Hellblazer: Original Sins
Writer: Jamie Delano
Artists: John Ridgway & Alfredo Alcala
Colourist: Lovern Kindzierski
Letterers: Annie Halfacree, Todd Klein, & John Costanza
A review by Josh Rose
Halloween is the perfect time of year to dive into your favourite horror films or books. It’s that time of year where we want to be scared. Gets us into the mood and what better comic to read for Halloween than Hellblazer? Hellblazer: Original Sins collects the first 9 issues and shows us John Constantine in his early days, but this isn’t an origin story. Part of what makes him such an interesting character is not the magic (or rather lack thereof,) or the demons he fights, but his mysterious backstory. What happened at Newcastle? And, while we do learn a little about that here, that’s not this story.
Hellblazer: Original Sins is a collection of loosely connected stories, and early on seeds are planted for Constantine to investigate the Resurrection Crusaders and the Damnation Army. It all starts when he meets a girl named Zed when Constantine’s niece is kidnapped.
What I really like about this series is how grounded it is. Constantine is a gambler and a con-man, meaning he knows more often than not that he is risking everything on blind luck. This isn’t a superhero thriller where he saves the world and gets the girl. He will screw his friends to save a thousand people, and he will screw a thousand people to save his own neck. This is not a series that shies away from tough subjects either: the Thatcher politics in the late 80’s, the horrors of the Vietnam war, and AIDS.
It seems to me that DC Comics has forgotten Constantine’s roots. Ever since he was brought into the New 52, he’s been more of a magician than a con-man. In Hellblazer: Original Sins, I’ve counted him using magic a total of three times (maybe four). Typically Constantine gets other people to do magic for him, or doesn’t use it at all.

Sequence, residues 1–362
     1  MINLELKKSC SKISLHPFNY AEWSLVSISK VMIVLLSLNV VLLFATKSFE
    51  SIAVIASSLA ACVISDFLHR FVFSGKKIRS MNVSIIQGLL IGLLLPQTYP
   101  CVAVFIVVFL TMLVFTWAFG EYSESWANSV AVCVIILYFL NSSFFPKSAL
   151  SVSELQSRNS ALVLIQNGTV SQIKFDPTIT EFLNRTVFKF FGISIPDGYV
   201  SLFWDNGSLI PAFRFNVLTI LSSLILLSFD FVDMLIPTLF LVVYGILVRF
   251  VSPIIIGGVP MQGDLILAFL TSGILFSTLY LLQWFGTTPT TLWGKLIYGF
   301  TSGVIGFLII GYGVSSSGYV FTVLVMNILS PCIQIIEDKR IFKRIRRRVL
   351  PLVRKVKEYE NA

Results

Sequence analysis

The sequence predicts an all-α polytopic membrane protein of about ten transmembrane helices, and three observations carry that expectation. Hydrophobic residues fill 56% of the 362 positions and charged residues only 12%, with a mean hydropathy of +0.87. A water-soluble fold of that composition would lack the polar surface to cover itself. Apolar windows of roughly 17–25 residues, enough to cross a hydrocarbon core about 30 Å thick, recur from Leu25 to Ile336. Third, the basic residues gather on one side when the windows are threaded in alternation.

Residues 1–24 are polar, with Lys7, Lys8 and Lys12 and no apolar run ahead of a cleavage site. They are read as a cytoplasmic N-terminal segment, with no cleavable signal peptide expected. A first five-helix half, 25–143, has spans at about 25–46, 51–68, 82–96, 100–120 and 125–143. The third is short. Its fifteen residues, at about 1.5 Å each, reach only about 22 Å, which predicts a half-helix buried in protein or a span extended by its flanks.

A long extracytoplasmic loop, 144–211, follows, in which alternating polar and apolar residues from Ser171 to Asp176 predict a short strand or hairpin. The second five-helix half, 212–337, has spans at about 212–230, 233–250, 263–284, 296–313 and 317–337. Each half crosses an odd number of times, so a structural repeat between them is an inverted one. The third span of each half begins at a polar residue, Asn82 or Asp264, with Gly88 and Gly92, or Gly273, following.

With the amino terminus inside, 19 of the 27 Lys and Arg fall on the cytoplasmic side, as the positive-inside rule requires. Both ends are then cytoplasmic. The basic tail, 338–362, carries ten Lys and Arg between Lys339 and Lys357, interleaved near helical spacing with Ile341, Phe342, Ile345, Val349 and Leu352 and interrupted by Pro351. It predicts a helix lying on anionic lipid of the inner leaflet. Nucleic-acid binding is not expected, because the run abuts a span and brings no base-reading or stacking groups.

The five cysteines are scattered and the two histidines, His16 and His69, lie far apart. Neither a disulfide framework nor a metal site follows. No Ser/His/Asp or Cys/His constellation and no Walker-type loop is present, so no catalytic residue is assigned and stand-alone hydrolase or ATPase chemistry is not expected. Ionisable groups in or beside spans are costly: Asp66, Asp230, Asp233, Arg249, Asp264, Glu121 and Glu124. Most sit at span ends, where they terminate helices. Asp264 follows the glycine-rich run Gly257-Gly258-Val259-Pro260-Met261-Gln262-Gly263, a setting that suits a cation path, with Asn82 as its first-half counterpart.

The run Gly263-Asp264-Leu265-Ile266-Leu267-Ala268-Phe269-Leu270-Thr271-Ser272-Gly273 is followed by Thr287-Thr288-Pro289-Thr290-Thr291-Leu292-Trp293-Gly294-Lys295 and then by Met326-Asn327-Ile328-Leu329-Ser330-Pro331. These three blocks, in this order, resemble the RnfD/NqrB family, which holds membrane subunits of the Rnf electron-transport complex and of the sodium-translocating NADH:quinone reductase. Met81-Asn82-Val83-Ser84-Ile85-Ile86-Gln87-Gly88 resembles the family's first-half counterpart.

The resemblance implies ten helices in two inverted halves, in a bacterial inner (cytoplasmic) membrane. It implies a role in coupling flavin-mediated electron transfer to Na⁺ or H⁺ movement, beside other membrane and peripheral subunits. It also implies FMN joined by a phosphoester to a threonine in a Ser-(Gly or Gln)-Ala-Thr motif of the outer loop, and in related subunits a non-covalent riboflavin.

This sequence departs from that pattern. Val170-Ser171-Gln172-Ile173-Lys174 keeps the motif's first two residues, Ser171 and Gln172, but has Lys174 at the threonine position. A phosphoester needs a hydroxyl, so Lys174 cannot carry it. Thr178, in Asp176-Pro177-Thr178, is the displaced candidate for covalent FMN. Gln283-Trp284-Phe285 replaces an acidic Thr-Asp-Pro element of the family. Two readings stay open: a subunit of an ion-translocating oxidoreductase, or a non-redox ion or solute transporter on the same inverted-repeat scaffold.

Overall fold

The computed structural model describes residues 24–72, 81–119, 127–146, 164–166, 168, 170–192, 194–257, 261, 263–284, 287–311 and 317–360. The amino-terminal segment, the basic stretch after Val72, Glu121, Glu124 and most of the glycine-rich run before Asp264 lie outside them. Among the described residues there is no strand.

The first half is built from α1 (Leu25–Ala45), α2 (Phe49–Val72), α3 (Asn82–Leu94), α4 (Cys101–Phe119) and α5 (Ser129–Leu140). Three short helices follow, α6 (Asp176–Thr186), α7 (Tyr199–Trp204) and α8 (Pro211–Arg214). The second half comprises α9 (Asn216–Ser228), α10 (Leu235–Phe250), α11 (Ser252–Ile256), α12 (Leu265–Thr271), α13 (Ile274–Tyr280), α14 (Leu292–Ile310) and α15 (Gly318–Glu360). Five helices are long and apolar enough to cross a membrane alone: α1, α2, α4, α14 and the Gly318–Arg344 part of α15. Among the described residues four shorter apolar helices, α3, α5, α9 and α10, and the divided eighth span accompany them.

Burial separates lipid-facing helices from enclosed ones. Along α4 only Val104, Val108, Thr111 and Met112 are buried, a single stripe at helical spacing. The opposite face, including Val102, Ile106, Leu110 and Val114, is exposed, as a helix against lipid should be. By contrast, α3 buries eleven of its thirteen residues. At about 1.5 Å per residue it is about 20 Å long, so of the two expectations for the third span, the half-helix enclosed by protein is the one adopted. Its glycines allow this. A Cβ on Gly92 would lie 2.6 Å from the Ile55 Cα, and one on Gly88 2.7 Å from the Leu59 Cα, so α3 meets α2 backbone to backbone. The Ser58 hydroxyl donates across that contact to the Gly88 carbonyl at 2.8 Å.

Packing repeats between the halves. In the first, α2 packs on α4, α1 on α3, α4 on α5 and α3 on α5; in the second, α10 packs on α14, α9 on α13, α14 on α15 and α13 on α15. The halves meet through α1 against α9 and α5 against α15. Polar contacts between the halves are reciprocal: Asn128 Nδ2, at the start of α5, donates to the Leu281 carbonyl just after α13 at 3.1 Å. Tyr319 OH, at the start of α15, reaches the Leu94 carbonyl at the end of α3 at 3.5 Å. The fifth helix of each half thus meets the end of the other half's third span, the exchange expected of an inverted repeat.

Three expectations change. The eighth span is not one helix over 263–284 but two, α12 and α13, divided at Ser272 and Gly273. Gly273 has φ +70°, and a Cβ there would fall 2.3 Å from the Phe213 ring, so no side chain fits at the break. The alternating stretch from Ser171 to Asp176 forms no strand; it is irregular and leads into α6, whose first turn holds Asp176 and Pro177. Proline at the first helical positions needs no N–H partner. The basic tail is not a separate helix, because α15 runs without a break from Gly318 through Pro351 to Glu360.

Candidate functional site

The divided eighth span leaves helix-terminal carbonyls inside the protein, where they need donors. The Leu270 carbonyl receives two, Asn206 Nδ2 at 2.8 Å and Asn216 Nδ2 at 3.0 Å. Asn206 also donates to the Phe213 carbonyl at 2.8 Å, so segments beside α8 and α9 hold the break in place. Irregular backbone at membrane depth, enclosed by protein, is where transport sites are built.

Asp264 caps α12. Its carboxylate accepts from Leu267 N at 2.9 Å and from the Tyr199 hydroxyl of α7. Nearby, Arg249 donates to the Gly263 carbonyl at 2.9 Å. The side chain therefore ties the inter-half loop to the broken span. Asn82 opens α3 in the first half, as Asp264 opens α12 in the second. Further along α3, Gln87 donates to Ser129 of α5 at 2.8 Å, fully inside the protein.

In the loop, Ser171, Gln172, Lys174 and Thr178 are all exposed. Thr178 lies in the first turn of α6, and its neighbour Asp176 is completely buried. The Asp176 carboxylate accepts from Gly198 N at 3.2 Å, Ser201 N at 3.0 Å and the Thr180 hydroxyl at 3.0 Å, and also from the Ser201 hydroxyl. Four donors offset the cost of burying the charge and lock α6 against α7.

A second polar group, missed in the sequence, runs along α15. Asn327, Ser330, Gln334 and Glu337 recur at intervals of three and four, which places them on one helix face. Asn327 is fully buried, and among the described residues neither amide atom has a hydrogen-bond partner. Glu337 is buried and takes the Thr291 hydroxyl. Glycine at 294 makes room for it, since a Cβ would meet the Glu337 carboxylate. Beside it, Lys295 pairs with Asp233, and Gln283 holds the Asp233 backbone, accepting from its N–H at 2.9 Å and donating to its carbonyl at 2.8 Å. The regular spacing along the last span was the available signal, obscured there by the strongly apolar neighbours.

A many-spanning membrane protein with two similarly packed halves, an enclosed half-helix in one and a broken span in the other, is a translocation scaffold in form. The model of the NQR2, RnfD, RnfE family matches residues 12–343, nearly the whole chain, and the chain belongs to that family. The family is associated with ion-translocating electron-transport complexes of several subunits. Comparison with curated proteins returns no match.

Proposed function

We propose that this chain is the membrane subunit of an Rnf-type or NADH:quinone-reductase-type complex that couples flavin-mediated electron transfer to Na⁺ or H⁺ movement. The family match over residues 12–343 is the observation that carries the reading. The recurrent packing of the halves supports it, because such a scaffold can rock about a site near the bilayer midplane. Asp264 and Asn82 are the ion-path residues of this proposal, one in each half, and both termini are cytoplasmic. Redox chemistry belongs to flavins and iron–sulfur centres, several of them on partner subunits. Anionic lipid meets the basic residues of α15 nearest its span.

Jamie Delano invites the readers inside Constantine’s head to see his most private moments. Constantine is a typical man. He won’t share his real thoughts or emotions when he’s around people. He’s a guy that drowns his emotions in cigarettes and booze and cries himself to sleep. He’s your stereotypical male but with actual ghosts haunting him.
I said earlier that Hellblazer: Original Sins is a horror series perfect for Halloween, and it is! It’s not all politics and shows of male vulnerability. John Ridgway and Alfredo Alcala have come up with some pretty fantastic designs for their demons–especially their monster made up of four neo-nazis. However, some of the most impressive pages in this book are not of demons and hell, but actually of the psychedelic trips. In particular, Ritchie Simpon’s adventure through cyberspace, and Constantine’s shared vision with a Sudanese shaman. It’s in these pages that Lovern Kindzierski’s colours shine brightest.
The Verdict: Buy it!
If you are a fan of John Constantine or fantasy books about magic in the real world, you owe it to yourself to read Hellblazer: Original Sins. If you prefer over the top magical battles in the astral plane you best go pick up Doctor Strange or Shadowman. But, at the very least, I encourage you to read the first two issues of Constantine’s tale: Hunger and A Feast of Friends.